Activities would be regulated under the Bill in accordance with a new risk-based approach to assessing the likelihood of the activity causing harm to Aboriginal cultural heritage. Although there are some expressly exempt activities (such as construction or renovation of a residential building on a lot totalling less than 1,100 square meters, subdivision of not more than five lots, or travelling on an existing road or track, provided the activities are not carried out in a protected area), all other activities that may impact on Aboriginal cultural heritage would be regulated according to a new layered approach to protection.

For example, a person may carry out a minimal impact activity, notwithstanding potential harm to Aboriginal cultural heritage, if the heritage is not in a protected area, the person has undertaken a due diligence assessment, and the person takes all reasonable steps (including by consulting with relevant “knowledge holders” and other Aboriginal parties) to ensure the activity is carried out so as to avoid or minimise the risk of harm being caused to the Aboriginal cultural heritage.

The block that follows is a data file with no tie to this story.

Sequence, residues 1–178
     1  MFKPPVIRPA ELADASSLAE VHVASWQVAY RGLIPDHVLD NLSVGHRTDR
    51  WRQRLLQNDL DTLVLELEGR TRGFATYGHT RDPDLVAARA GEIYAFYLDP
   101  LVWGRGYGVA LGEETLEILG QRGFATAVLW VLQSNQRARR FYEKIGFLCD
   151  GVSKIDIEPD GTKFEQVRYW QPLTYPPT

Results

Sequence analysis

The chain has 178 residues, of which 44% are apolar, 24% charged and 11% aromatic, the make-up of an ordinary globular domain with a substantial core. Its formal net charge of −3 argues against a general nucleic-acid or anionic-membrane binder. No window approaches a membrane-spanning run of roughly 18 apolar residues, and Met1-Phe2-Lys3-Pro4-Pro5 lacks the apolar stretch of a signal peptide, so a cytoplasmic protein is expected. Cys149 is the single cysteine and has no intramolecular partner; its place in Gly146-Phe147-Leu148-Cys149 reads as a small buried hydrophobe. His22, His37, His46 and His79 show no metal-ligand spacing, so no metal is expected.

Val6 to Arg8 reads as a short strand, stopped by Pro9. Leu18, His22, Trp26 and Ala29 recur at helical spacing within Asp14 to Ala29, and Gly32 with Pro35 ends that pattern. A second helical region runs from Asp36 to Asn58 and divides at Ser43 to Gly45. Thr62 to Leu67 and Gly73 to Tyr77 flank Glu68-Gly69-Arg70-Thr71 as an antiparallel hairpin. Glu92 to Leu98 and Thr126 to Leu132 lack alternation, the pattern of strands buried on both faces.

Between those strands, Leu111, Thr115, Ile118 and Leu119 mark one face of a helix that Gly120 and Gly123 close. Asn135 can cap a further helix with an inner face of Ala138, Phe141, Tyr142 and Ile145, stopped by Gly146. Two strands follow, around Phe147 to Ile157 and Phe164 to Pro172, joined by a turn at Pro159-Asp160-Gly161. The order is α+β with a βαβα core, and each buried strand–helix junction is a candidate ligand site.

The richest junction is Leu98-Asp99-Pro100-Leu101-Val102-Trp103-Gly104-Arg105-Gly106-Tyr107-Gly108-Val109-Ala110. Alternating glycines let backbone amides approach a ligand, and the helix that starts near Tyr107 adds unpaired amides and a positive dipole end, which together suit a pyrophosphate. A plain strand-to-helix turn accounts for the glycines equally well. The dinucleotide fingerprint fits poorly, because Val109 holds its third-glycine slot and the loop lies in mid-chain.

Furthermore, where the activity is a low impact activity (rather than minimal impact), and the activity is not occurring in a protected area, the person may apply to the newly created Aboriginal Cultural Heritage Council for an “ACH permit” to carry out the activity.

Where an activity is a medium to high impact activity, and the heritage is not in a protected area, the person may be able to carry out that activity if they do so in accordance with an ACH management plan that is entered into with relevant Aboriginal parties, and either approved by the ACH Council or authorised by the Minister.

A minimal impact activity means a prescribed activity that involves no or a minimal level of ground disturbance. A low impact activity means a prescribed activity that involves a low level of ground disturbance. Accompanying regulations have yet to be released. We assume that low impact activity will mirror the activities covered by the clearing exemption under the Environmental Protection (Clearing of Native Vegetation) Regulations 2004.